Getting Your First Professional Sale


Getting Your First Professional Sale
Annie Bellet, (Eric) E.E. Knight, Edward Morris, Jess Hartley, Mary Robinette Kowal
OryCon 33
  • Annie Bellet: Got first professional sale on August 2010, sold 9 stories so far. Short fiction to magazines.
  • E.E. Knight: novels, 15 or so. First professional sale of fiction was 1991. First time I cashed a check was for non-fiction for bridal magazine. To this day, that was the best money I made per word.
  • Edward Morris: Sold 85 short stories globally, six books in a small press. First professional sale was in 2000 to Interzone. A lucky break: on duotrope.com trying to figure out where to sell my fiction.
  • Jess Hartley: writing for RPG industry for the last 10 years. First sale was a novel for a RPG tie-in.
  • Mary Robinette Kowal: First professional sale to New Horizon in 2006. Just won the Hugo for short story. About 65 short stories published.
  • Bloody Pitfalls
    • Mary: I went to research cover letters. Completely different for non-fiction than for short stories. Made sure you have the right one. 
    • Short stories: cover letter is very minimal.
    • Novels: Just enough to know that it is the type of material they publish.
  • A publishing house that says “We will not take unsolicited manuscripts” will take an unsolicited query letter. It’s exactly the same as a cover letter, with a “May I send you a manuscript?”
    • Lots of times you may get a positive response.
  • Q: I’m working on something that may best be a graphic novel.
    • Morris: Look for graphic novel scripts. Frank Miller’s batman scripts are available out there. That’s the format you want to submit.
  • Q: How long should my cover letter be?
    • Only a single page.
    • Tell them what it is about, not what happens.
    • Think about it as the back cover copy on a book.
  • Eric: Networking is another path to an editor. I know a number of authors who went to World Fantasy and hooked up with editors in the bar, and they chat, and they get invited to send a manuscript to them. 
    • They want to know you’re not crazy. They want to know they could buy 12 manuscripts from you, not just one.
    • Jim Butcher was having trouble selling the Dresdon Files, and met an editor at the bar at World Fantasy, and got the editor to pick it up off the slush pile and read it.
  • Mary: The traditional wisdom is to do short stories and to go to conventions. But Jim Hine did a survey and found that there is no commonality: as many people got their first sale that way as that didn’t.
    • Jess: Did it the way you are most comfortable. If you are an extrovert, so to 
    • Mary: I teach a class called Schmoozing 101. 
      • Have your elevator pitch ready. But DO NOT be the first person to bring up business. Just have a conversation. At some point they will ask what you are working on. Then it’s time for your pitch.
      • Have an exit strategy. 
  • Q: How long to wait before OK to submit elsewhere?
    • Mary: I knew the editor, had just won the Campbell, and had an agent, and it still took a year to hear back on a novel.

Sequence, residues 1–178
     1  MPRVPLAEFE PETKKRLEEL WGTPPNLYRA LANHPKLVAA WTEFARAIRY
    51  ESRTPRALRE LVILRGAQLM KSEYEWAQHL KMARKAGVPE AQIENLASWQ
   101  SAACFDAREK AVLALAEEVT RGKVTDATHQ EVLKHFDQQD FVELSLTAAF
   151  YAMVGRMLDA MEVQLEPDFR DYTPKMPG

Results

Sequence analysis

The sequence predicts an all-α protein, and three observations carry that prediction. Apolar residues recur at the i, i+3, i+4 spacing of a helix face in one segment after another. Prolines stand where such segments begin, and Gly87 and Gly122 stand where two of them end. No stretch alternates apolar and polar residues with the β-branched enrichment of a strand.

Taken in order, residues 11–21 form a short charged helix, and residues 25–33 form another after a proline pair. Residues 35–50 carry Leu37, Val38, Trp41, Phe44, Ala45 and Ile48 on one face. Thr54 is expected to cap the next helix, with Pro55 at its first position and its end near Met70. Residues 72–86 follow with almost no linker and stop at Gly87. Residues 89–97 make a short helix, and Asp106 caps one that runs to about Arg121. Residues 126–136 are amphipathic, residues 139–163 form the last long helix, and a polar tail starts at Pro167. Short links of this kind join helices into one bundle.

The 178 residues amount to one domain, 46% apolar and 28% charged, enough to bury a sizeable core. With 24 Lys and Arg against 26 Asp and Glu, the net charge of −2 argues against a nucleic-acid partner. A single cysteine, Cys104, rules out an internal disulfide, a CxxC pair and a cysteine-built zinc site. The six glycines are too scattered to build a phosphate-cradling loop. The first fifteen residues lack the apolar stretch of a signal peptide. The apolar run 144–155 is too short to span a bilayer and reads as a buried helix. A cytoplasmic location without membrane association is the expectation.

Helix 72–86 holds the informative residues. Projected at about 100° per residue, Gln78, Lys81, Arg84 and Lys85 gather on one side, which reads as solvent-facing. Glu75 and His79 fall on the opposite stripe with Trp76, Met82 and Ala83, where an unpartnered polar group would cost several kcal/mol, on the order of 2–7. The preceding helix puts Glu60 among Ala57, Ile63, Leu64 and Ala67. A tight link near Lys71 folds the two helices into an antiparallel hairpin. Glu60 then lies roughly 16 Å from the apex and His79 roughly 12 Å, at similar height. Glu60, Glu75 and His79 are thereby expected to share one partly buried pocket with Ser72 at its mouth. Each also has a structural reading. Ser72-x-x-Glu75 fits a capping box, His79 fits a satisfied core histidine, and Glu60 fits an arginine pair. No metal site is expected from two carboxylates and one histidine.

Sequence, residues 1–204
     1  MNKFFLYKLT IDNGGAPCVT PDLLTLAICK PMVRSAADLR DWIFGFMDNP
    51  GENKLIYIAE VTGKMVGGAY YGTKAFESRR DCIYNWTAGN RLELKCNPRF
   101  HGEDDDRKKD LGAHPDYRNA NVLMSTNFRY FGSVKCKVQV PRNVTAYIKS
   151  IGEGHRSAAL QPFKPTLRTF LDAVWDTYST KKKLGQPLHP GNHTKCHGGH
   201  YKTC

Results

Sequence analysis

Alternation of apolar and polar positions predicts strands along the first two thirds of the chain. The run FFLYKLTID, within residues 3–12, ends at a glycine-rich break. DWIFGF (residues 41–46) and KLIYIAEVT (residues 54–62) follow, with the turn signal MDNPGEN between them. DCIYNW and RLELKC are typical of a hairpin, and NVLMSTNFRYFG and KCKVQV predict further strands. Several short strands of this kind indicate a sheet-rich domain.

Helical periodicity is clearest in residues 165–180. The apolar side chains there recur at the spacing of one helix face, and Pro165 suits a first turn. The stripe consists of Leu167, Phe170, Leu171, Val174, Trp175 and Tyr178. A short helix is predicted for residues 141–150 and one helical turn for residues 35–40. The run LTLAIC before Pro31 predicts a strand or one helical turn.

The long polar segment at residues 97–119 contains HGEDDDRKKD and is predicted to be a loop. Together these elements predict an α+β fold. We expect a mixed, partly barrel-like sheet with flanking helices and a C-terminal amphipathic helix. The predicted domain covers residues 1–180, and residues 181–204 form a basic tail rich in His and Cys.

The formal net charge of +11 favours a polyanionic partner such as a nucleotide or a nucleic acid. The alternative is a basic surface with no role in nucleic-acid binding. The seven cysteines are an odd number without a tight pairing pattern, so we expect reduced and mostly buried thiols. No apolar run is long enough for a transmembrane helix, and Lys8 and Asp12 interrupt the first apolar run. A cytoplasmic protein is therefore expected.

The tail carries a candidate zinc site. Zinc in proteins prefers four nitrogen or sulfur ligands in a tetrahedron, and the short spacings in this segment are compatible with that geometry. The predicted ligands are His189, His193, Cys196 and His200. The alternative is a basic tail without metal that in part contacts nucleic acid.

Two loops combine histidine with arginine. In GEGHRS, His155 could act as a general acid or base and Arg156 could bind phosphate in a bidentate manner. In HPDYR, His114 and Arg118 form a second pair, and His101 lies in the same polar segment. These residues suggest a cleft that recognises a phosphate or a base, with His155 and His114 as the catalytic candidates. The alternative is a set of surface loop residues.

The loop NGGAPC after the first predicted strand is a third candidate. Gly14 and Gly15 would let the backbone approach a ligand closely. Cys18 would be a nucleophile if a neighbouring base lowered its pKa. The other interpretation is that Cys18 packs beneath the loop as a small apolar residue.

• If it’s been more than their standard period of time, send a query letter. Just three lines: I sent this manuscript. I just want to make sure you have received it. Thank you.
    • You can send queries to lots of people. It’s only when they have the manuscript that you have to wait.
  • Duotrope.com 
  • Ralan.com
  • Submitting to the black hole: http://critters.org/blackholes/index.ht
  • Q: How long before you give up on a short story:
    • Annie: never
    • Mary: never, but...
    • Edward: five years, but then new markets are always opening up
  • Mary: But before you sell anything, you have to be writing something good. 
    • Mary: I just critiqued someone who didn’t know what a contraction was.
  • Q: Are there editors more open to new writers?
    • Mary: All of them. They want to find the next big thing.
    • Knight: You shouldn’t be afraid just because you don’t have publishing credits. Just go to the top.
  • For short fiction sales, if you can write short stories that are around 4,000 words, you are more likely to make a sale. Editors have a fixed word count, and they cannot go over this count. They are more likely to take a chance on a new writer if it is short. Too much shorter than 4,000 words, and it gets harder to craft a enriching story. As soon as you start getting longer, you are taking up words from other stories.
  • Q: How do you keep track of where you’ve submitted?
    • Mary: Duotrope.com
    • Annie: Excel file. The most stories I had out at one time was 37.
    • It’s really important to keep good records of where stuff is out. 
    • WritersPlanner is another good one, just for tracking submissions.
    • It’s important to track not just who has accepted, but who has paid you.
      • If you have 20 stories out, it’s hard to keep track of who has paid.
  • Shop for publishers and agents at the same time.
  • A bad agent is worse than no agent. There is no criteria you have to pass to call yourself a literary agent. There’s no oversight.
    • Take the decision of selecting an agent as seriously as you would getting married.
    • Consider not just the single agent but the agencies: if it is a single agent, and they drop dead...
  • Q: Markets going to electronic submissions vs. paper. How does that affect things?
    • Mary: the only difference is that it’s faster to submit things, so now they get a lot more crap. But for you, as a writer, it’s makes no difference in the process.
  • Q: Are the electronic markets as effective as the paper ones?
    • Mary: More so now, because the electronic markets do not have a shelf life. if I publish in a paper market, it’s but now, but it’s gone in a few months. If it is online, I can always point people to it.
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